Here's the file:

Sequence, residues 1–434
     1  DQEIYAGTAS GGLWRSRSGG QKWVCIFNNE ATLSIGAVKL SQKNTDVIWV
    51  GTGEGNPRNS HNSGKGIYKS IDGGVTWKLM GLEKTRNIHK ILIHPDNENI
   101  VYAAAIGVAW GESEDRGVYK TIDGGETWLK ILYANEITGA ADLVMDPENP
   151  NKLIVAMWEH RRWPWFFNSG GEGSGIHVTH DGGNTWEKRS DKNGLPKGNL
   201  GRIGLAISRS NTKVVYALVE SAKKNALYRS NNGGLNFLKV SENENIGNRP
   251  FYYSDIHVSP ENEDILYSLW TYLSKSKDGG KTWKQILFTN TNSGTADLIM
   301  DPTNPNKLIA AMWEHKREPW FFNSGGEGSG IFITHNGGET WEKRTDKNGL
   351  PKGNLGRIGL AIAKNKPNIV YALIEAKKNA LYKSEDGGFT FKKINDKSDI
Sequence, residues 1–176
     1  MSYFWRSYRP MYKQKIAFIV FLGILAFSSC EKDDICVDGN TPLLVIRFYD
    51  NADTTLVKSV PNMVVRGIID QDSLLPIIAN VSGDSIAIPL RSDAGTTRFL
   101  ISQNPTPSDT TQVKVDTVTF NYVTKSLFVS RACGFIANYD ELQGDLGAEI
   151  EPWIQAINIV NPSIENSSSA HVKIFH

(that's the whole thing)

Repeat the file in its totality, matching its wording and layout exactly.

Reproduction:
Sequence, residues 1–434
     1  DQEIYAGTAS GGLWRSRSGG QKWVCIFNNE ATLSIGAVKL SQKNTDVIWV
    51  GTGEGNPRNS HNSGKGIYKS IDGGVTWKLM GLEKTRNIHK ILIHPDNENI
   101  VYAAAIGVAW GESEDRGVYK TIDGGETWLK ILYANEITGA ADLVMDPENP
   151  NKLIVAMWEH RRWPWFFNSG GEGSGIHVTH DGGNTWEKRS DKNGLPKGNL
   201  GRIGLAISRS NTKVVYALVE SAKKNALYRS NNGGLNFLKV SENENIGNRP
   251  FYYSDIHVSP ENEDILYSLW TYLSKSKDGG KTWKQILFTN TNSGTADLIM
   301  DPTNPNKLIA AMWEHKREPW FFNSGGEGSG IFITHNGGET WEKRTDKNGL
   351  PKGNLGRIGL AIAKNKPNIV YALIEAKKNA LYKSEDGGFT FKKINDKSDI
Sequence, residues 1–176
     1  MSYFWRSYRP MYKQKIAFIV FLGILAFSSC EKDDICVDGN TPLLVIRFYD
    51  NADTTLVKSV PNMVVRGIID QDSLLPIIAN VSGDSIAIPL RSDAGTTRFL
   101  ISQNPTPSDT TQVKVDTVTF NYVTKSLFVS RACGFIANYD ELQGDLGAEI
   151  EPWIQAINIV NPSIENSSSA HVKIFH